After generations of keeping huge numbers of troops in South Korea, the Pentagon is very used to the idea. Indeed, Joint Chiefs of Staff Chairman Gen. Joe Dunford warned on Monday that any diplomatic progress with North Korea necessarily makes the military “more uncomfortable” on the Korean Peninsula.
Dunford was honest in his assessment on the situation, saying that over time, diplomatic talks with North Korea “will take a form where we’re going to have to start making some changes to the military posture on the peninsula.”
This is true, as a peace treaty would mean little need for a large US military presence in Korea. And while the administration has downplayed this, and North Korea has made no such demands, the reality is that peace would no longer justify the same military posture as decades of war.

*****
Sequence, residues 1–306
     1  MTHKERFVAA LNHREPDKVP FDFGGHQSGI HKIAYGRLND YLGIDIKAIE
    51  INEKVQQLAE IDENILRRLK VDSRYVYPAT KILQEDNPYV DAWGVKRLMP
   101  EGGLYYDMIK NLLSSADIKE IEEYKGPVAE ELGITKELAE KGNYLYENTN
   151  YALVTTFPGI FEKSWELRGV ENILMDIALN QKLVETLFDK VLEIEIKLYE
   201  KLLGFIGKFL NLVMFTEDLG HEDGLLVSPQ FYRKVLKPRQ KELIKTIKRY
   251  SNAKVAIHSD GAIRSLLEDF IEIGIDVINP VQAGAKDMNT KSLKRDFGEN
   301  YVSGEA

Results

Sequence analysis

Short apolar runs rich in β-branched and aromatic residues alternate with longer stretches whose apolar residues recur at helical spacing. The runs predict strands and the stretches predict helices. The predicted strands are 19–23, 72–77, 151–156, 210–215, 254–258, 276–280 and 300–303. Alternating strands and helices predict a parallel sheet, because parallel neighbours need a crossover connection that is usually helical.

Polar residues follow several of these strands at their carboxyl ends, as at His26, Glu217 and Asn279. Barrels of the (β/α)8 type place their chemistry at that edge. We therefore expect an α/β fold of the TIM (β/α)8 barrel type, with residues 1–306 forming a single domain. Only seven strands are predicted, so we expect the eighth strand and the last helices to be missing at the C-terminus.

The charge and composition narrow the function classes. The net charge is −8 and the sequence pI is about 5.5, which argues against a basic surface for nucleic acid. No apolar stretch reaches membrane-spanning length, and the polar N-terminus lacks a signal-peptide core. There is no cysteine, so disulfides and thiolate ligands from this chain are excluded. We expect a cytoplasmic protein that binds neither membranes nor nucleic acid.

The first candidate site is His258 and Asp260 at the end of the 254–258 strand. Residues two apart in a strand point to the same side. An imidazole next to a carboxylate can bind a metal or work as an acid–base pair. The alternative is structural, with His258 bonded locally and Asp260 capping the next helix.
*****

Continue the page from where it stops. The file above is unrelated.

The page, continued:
And while Dunford said the military is prepared to make such changes as they are required, his comments also make it clear he’s not happy about it. In Korea, perhaps more than any place else, peace is a major threat to the status quo.
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